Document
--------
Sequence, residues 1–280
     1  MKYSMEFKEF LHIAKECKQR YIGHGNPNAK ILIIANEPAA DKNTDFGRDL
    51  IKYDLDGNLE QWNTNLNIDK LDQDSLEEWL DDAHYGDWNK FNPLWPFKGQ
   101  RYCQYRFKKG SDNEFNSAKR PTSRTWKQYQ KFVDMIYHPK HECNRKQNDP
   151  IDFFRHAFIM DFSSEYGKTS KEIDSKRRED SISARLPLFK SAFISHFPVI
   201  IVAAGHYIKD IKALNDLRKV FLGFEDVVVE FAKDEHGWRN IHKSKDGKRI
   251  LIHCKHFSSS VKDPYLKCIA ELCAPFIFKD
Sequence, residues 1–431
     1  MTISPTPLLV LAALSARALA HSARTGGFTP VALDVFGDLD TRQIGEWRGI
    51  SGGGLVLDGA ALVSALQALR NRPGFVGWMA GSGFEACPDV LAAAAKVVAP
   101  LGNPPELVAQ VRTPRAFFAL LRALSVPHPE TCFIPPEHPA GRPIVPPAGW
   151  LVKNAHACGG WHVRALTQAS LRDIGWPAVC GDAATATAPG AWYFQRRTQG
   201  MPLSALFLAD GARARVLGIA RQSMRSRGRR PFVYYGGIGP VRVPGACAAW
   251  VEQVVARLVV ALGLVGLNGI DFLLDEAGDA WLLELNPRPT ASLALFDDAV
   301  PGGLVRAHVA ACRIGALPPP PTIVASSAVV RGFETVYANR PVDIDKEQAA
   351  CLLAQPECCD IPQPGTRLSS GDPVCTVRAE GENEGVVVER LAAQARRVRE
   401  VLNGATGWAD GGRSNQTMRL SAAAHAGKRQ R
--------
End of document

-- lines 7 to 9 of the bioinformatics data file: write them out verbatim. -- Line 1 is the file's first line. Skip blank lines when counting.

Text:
   251  LIHCKHFSSS VKDPYLKCIA ELCAPFIFKD
Sequence, residues 1–431
     1  MTISPTPLLV LAALSARALA HSARTGGFTP VALDVFGDLD TRQIGEWRGI